Updates from Bellway, Easyjet and Ultra Electronics
But Asian stocks overnight lost ground with the Nikkei tumbling almost -2%. Easing hopes are on the wane while Eurozone worry revives.
We begin Friday with an interim from house builder Bellway - and an encouraging Spring. Demand appears resilient with visitor levels and reservation rates continuing to outperform expectations, the company claims. The target set at the beginning of the financial year - achieving 5% volume growth - is now secure, it says.
During the seventeen week period, reservations averaged 122 per week, an increase of 9% on the year before. "The increase in the private weekly sales rate is more marked at 19%, having been attained from an average of 210 sites, compared to 195 last year."
Bellway's Board is confident legal completions for the year ending 31 July 2012 should exceed those achieved last year by 300 units or so. "In addition, some 1,600 reservations have been taken for completion in 2012/13."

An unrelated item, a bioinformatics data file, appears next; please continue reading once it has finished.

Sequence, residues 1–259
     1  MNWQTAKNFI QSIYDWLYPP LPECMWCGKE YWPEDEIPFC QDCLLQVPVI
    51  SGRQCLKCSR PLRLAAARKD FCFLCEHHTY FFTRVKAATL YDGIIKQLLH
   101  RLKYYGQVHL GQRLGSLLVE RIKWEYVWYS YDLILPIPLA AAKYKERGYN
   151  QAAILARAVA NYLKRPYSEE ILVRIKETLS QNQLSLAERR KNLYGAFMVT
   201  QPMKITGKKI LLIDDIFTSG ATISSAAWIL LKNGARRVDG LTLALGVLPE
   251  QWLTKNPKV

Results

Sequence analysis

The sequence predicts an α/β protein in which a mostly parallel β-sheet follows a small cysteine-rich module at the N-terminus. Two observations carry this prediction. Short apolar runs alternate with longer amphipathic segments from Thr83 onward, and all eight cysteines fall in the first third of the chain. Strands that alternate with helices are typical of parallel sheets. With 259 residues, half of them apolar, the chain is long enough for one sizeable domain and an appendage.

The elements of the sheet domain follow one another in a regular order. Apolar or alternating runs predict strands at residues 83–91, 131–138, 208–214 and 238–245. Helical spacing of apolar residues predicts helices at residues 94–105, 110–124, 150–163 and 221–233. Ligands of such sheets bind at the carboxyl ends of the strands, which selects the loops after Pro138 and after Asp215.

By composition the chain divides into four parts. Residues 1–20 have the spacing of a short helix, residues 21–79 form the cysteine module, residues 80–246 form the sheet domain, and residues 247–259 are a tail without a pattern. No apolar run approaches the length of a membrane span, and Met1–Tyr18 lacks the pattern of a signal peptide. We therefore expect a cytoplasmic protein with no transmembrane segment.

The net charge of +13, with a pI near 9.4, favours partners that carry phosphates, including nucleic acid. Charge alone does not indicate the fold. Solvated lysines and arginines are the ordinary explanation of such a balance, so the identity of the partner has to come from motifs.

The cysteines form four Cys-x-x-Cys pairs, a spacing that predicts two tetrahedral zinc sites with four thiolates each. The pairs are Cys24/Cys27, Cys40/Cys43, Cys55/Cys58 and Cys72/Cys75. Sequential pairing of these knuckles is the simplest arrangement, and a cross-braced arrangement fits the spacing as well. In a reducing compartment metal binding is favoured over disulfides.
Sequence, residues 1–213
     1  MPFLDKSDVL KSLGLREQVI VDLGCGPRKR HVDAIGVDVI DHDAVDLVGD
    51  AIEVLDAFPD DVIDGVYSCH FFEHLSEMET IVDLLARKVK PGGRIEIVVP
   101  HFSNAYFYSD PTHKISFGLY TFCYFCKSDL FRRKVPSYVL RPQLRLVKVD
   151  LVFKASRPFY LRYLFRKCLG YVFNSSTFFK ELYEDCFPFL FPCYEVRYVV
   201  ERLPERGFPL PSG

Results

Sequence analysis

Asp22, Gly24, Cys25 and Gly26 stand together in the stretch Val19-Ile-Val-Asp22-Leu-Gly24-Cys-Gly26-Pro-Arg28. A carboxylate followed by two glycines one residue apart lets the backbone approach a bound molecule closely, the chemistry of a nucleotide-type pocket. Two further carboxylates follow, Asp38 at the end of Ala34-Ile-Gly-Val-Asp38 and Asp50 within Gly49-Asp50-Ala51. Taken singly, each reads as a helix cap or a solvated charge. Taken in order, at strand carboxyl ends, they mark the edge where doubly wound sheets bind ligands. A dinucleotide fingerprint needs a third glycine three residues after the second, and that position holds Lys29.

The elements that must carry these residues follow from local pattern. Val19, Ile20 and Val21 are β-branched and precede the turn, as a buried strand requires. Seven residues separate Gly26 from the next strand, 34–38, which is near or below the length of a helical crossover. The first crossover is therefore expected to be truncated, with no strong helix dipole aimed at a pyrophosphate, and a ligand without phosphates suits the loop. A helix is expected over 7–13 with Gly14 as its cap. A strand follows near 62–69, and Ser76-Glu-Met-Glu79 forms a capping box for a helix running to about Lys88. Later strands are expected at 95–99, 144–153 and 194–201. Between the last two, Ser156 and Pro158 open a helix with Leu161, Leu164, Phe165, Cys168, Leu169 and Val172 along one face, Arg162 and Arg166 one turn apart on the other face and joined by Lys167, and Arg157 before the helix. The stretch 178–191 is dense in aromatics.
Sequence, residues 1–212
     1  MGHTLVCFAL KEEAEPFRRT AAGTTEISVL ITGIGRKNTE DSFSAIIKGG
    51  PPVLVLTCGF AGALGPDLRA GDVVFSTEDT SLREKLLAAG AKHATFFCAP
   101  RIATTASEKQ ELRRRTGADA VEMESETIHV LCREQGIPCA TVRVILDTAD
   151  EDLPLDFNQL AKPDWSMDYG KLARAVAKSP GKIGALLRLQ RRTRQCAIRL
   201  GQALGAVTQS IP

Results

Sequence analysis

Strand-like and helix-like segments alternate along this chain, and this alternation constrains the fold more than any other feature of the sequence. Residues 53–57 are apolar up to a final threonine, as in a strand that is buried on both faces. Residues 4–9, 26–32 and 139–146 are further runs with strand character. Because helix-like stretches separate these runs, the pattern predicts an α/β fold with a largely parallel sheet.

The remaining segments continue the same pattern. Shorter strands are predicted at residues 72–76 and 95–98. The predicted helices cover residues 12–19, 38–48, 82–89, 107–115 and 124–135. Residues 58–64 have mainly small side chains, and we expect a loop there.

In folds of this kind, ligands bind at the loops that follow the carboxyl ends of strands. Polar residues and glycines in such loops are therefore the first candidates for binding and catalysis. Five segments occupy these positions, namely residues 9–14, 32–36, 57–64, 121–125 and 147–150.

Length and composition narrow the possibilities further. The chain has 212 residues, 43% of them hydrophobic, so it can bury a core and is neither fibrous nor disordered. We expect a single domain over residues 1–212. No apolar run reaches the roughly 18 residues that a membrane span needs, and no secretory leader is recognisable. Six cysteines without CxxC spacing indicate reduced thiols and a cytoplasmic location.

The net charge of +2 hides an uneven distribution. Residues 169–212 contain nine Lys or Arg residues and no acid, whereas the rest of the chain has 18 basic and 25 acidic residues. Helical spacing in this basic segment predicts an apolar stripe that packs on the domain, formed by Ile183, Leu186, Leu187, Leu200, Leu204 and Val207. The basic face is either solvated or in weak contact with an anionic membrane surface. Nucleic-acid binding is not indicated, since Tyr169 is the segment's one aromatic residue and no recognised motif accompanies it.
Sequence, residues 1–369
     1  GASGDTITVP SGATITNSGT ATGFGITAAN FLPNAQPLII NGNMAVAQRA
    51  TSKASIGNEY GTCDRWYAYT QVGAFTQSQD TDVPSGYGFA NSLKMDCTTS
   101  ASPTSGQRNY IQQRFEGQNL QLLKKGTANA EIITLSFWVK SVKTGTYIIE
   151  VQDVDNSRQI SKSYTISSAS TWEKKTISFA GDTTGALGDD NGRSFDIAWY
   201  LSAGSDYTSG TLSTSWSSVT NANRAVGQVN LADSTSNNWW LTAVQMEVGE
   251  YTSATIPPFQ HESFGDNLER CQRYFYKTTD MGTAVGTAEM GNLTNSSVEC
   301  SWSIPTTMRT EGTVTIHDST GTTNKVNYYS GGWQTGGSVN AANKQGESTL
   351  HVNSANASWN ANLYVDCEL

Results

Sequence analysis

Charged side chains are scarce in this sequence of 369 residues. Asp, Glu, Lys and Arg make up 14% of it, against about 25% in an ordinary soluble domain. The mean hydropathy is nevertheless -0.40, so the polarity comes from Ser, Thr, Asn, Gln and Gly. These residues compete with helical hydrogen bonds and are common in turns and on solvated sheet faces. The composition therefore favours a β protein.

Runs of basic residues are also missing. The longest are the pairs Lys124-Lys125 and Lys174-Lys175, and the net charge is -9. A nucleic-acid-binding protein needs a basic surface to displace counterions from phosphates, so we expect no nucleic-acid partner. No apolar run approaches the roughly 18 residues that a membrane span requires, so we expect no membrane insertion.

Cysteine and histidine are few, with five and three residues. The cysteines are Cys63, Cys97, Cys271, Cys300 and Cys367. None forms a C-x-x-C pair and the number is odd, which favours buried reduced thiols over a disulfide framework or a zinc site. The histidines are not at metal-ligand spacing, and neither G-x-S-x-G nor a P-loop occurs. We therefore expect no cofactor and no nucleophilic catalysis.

Next, Easyjet. May 2012 total passenger earnt seat numbers grew 14.4% to 5.42 million from 4.74 million last year. The company load factor was 88%, a 3.9% bump up compared to 84.1% this time last year.
The company said earned seats include seats that are flown whether or not the passenger turns up and once a flight has departed a no-show customer is generally not entitled to change flights or seek a refund.
However an analyst note published earlier in the week by JP Morgan Cazenove saw David Pitura reiterate his 'underweight' rating on Easyjet; he worries about market earnings growth. Easyjet recently announced regular new flights from Luton to Tel Aviv from November.
Lastly, a contract win for Ultra Electronics. Its Ocean Systems business in Braintree, Massachusetts, has been awarded an Indefinite Delivery, Indefinite Quantity (IDIQ) contract worth up to $49.2m by the US Navy. Work on the contract is due to be completed in 2017.
Under the contract, Ultra will supply upgraded versions of its submarine transducers that are stocked by the US Navy to support fleet requirements for new and restored units. The hull-mounted transducers use sonar to detect and localise targets.
"I am really pleased," says Ultra chief exec Rakesh Sharma, "that the excellence of Ultra's specialist sonar equipment has been recognised by the award of this IDIQ contract by the United States Navy. This is an excellent example of Ultra delivering its strategies for growth by winning and expanding its positions on long-term programmes."